Ghermezian said no retailers have backed out of American Dream to date. The property is slated to have a Saks Fifth Avenue department store in the luxury wing, along with a variety of high- and low-end retailers including Ulta, Lululemon and Old Navy.

    Now, instead of adding even more apparel and shoe stores, American Dream will have a trampoline park and one-of-a-kind, Instagram-worthymuseums,where visitors can pay to spend an afternoon exploring themed rooms with extravagant props and backdrops, Ghermezian said, citing these as two examples of what is to come post-COVID-19.

    American Dream is also zoned for 3,500 hotel rooms, with plans to construct several hotels that will connect directly to the rest of the project via skybridges. The hotel operators have not yet been announced.

    The purpose of adding this space, according toGhermezian, is to give out-of-town visitors easy access and room to spend a night or two during their excursions.

    American Dream said it will be adding eight more rides to the already open Nickelodeon theme park, building on its early success.

    Source: American Dream

    To be sure, after living for weeks or months in social isolation, being advised to wear face masks and ordered to stay at minimum 6 feet away from anyone else, it will likely take many consumers additional time to ease back into day-to-day life, as they remember it, before coronavirus.

    Also, many people are being put out of work either temporarily furloughed or permanently laid off by closures related to the outbreak.

    The wave of Americans looking for unemployment insurance skyrocketed at the end of March, as more than 6.6 million new claims were filed, bringing the total of Americans who have filed to roughly 10 million over the most recent two weeks, according to the Labor Department. And the unemployment rate in the U.S. has risen to 4.4% from 3.5% its highest level since August 2017.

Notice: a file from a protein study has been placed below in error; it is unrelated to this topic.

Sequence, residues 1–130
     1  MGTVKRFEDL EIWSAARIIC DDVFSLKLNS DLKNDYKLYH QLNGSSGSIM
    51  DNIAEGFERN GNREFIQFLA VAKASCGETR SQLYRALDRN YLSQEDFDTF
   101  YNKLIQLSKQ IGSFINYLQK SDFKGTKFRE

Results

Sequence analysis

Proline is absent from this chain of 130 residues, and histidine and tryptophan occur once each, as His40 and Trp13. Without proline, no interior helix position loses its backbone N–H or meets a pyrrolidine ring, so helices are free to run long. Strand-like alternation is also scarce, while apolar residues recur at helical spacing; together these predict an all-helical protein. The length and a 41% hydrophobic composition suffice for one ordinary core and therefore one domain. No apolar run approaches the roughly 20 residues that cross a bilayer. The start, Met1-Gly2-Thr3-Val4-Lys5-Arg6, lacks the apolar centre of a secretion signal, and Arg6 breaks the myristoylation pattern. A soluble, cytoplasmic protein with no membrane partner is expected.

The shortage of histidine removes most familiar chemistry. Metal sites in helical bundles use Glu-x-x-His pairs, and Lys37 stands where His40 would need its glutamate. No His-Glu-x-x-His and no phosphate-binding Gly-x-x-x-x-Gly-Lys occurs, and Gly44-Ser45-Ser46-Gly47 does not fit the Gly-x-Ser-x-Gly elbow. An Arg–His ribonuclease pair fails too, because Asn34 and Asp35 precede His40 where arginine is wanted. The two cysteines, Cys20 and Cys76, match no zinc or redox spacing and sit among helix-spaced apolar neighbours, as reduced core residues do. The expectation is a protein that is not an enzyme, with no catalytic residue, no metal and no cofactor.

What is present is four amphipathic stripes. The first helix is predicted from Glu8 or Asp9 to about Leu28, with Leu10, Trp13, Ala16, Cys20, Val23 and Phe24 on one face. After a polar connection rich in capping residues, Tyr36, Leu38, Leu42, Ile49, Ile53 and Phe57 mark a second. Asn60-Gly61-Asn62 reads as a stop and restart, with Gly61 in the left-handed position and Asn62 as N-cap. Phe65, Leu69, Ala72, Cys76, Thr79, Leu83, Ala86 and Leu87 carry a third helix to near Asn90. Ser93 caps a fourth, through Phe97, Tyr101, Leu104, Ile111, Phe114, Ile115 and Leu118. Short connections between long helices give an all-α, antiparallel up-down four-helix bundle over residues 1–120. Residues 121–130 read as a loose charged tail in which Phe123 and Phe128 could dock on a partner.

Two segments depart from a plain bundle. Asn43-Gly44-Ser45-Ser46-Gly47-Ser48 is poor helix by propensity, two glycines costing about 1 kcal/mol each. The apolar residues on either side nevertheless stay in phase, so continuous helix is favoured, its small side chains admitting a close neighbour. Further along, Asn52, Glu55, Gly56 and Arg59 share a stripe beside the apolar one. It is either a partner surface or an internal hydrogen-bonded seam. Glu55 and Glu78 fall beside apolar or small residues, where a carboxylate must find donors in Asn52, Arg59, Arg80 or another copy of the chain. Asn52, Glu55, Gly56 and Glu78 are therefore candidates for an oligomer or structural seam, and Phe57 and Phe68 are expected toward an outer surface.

But the situation will grow much worse before it gets better, according to analysts. Goldman Sachs has forecast that the unemployment rate will peak at around 15% later this year.

    "I think it will take a while for people to get comfortable," Mizuho Securities analystHaendel St.Juste said about consumers going back to America's malls.

    Until recently, it has been in commercial real estate landlords' best interests to bring "experiences" to malls, St. Juste said. "But now experiential equals human risk. Humans are not going to the mall."

    "In theory, yes, it's still a good idea to build assets with things people cannot do online," he added. "Ultimately we will see fewer malls."

    Skeptics also still abound that American Dream will ever be 100% completed. Mall of America owner Triple Five Group took over the project, when it was named Xanadu, in 2011. Construction has been stalled and restarted on and off for years. Opening dates have been pushed back. The coronavirus has drawn out, even further, an already extensive timeline.

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    Stalled by coronavirus pandemic, American Dream rethinks its future and retail becomes an afterthought - CNBC

    Riverlife Apartments on track for July opening – WSAU News - April 6, 2020 by admin

    Monday, April 06, 2020 5:54 p.m. CDT by Michael Leischner

    WAUSAU, WI (WSAU) -- Wausau Mayor Robert Mielke provided an update Monday on the progress of the city's Riverlife development near the Wisconsin River.

    According to the developers, the apartment complex is now 50% complete and leasing for the units is underway, with a quarter of the 75 units spoken for.